Hackney Council have formally apologised to a man left “terrified for his life” after his broken front door went unrepaired for four years despite a series of stabbings taking place close to his home.
Troy Goldie, 27, who suffers from paranoid schizophrenia, emotionally unstable personality disorder and depression, has won a civil case against the council with support from London law firm Osbornes, and says his circumstances during the years-long battle became so desperate that he became suicidal.
He is now speaking out over the disrepair to his Regent Estate property, which also included a collapsed ceiling, in advocacy for a system in which social housing landlords including local authorities treat people with mental health problems seriously.
Goldie said: “Living like this for four years has been hellish. There have been stabbings within 50 metres of my front door. I’ve been threatened with violence and spat at.
“All the time my front door was broken and could easily have been forced open, yet the council wouldn’t repair it. They replaced other front doors on the estate but not mine, despite them knowing of my mental health problems and me calling them regularly.
“This has left me depressed and at times suicidal as I don’t understand why they replaced other people’s doors and not mine. I have been scared to be in my flat and have been unable to sleep as I react to the smallest of noises, while I have been worried that somebody was going to break in when I am away from my flat.”
While housing chief Cllr Clayeon McKenzie apologised on behalf of the council when approached by the Citizen, Goldie went on to complain that despite his circumstances causing him to have panic attacks, Hackney had not apologised to him following the dispute.
He added: “I feel that I have been ignored by the council and fear other people with mental health problems will have suffered the same fate. I don’t want anybody else to go through what I have when it could so easily have been rectified a long time ago.”
The work was finished in November of last year, with Goldie also awarded compensation and costs for his legal bills.
According to the council, it is currently unable to look into Goldie’s full case history due to the criminal cyber attack which left many Town Hall systems paralysed in October, but it aims to find out the “full cause” of the delays to the works to the Regent Estate resident’s home to prevent similar situations recurring once its systems are recovered.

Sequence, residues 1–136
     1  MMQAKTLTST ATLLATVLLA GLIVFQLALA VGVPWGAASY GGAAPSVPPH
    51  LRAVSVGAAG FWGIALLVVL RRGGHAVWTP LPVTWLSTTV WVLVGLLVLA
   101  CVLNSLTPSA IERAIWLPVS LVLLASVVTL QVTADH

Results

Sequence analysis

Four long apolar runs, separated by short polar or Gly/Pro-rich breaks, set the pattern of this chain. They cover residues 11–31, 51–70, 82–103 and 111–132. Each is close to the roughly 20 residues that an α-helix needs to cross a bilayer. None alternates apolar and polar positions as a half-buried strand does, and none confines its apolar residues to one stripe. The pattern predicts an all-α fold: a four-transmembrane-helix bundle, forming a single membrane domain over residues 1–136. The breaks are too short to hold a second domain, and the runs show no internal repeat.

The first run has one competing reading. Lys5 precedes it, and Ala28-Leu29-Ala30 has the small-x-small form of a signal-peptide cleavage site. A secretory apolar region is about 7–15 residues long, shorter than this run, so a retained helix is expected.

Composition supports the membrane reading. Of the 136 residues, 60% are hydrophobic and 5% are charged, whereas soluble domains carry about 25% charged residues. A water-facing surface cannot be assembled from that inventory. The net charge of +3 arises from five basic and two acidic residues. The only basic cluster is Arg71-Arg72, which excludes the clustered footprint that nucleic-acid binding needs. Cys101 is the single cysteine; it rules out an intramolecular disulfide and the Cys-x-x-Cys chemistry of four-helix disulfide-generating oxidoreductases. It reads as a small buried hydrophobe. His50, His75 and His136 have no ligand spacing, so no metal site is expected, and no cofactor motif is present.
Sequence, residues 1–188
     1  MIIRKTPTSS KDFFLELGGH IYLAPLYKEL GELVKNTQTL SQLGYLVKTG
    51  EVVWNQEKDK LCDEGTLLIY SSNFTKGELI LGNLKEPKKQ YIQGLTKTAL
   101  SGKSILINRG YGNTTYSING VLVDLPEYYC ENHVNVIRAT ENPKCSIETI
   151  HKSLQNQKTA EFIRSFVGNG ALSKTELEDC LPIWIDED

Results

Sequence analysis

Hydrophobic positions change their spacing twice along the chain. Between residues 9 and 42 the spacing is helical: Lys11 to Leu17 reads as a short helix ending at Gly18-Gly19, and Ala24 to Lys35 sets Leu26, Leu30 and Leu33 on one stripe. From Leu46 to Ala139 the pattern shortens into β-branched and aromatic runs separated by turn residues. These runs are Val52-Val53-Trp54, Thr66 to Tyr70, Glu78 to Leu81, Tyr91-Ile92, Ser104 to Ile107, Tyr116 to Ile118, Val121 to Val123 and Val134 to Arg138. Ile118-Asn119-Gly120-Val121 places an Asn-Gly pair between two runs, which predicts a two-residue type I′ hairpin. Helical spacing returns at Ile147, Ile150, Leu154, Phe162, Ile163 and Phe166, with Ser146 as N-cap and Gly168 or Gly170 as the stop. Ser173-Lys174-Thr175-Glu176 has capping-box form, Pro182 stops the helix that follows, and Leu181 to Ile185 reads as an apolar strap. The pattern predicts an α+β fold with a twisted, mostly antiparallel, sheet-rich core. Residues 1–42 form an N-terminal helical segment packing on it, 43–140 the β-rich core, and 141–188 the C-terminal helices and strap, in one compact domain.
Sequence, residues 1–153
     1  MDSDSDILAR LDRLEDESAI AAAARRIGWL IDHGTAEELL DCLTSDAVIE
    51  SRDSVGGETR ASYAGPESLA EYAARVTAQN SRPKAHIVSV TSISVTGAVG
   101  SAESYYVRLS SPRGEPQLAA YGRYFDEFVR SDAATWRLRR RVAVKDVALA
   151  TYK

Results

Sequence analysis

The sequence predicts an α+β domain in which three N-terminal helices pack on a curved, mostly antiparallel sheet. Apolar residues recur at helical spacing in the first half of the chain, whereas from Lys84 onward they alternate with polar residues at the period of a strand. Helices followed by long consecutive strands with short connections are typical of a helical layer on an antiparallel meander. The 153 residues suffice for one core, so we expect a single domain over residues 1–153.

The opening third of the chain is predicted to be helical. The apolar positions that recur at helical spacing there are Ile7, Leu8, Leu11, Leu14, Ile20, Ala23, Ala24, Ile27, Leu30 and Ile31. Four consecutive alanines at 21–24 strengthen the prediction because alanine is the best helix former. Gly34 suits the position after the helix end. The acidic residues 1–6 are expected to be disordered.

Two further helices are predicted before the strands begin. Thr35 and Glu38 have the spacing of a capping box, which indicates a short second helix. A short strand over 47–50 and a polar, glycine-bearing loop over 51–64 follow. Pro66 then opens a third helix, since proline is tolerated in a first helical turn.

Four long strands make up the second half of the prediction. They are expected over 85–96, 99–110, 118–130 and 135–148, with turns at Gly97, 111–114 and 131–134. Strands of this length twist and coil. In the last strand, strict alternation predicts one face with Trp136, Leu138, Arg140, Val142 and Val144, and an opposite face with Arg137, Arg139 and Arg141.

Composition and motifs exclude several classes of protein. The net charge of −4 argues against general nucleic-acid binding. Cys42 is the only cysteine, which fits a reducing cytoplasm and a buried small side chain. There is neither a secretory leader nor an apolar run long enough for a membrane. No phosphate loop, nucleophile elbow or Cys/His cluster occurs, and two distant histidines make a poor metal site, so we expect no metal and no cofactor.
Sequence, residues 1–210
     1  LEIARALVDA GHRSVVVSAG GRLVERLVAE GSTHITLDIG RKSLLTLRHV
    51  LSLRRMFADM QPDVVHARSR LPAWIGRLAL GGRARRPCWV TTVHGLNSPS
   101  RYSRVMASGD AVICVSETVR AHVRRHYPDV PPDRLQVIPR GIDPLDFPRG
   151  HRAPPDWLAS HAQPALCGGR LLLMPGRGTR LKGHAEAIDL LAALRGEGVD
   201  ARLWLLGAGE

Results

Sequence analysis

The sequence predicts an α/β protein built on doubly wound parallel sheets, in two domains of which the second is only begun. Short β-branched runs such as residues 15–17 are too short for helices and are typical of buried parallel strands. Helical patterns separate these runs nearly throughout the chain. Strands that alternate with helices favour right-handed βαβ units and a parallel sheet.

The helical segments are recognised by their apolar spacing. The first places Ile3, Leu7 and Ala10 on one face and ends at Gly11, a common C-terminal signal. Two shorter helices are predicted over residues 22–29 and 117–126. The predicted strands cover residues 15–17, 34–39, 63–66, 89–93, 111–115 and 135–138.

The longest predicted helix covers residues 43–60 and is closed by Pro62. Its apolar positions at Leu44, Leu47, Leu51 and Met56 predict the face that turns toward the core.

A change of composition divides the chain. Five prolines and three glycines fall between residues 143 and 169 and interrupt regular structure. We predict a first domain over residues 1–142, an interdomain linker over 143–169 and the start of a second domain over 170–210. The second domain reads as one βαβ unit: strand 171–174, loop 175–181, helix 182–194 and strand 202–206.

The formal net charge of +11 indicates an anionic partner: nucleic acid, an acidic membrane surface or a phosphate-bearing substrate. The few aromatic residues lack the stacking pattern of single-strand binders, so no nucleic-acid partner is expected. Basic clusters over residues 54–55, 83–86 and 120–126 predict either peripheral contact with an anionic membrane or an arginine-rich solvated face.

The Town Hall was, however, able to share some details on Goldie’s case, revealing that it had raised an order for a replacement door at the end of 2019, but that, following the liquidation of the contractor involved, an order with another manufacturer was placed in January 2020.
The council has blamed the pandemic and associated lockdown for delays in the subsequent manufacture and installation of the door, which according to the local authority would normally take eight weeks, as well as pointing to occasions on which the council’s repair team could not gain access.
The Town Hall went on to state that it was first made aware of Goldie’s mental health condition in April 2020, after issues with his front door had been reported to them and work to fix the door was underway.
On 30 January last year, the council agreed with Goldie and Osbornes that works would be completed by 12 January 2021, with works in the end being completed in November.
Edward Taylor, a specialist housing litigation lawyer at Osbornes Law who represents Goldie, said: “My client has needlessly suffered serious mental torment for four years, all because the local authority did not take his claims seriously.
“Local authorities must act reasonably, and comply with their legal obligations, in the same way they would expect their residents to. It is frankly outrageous that Hackney Council ignored the law and at the expense of a highly vulnerable schizophrenic tenant.
“Even after I was instructed and commenced court proceedings, it still took some eight months for Hackney to meet its duty and replace the front door. This is on top of years of pleading from Mr Goldie himself.
“Whilst what has happened is unforgiveable, I would urge Hackney Council to now formally apologise to Mr Goldie, and to review its procedures to guard against this happening to others in future.”
Cllr Clayeon McKenzie, cabinet member for housing services, said: “We sincerely apologise to Mr Goldie for any distress and inconvenience caused as a result of delays to his repairs.
“We always strive to ensure that our tenants have a safe and comfortable place to call home, and to support our vulnerable residents. Eight out of ten residents are happy with our repair work, and we are concerned as to why these repairs were not completed in a more timely manner.
“We will be looking into this case as a priority to investigate the full cause of the delays and how we can prevent this from happening again. As part of legal proceedings, we agreed a timescale for works to be completed with Mr Goldie and his solicitor, which we have met. We have also offered a financial settlement to Mr Goldie.”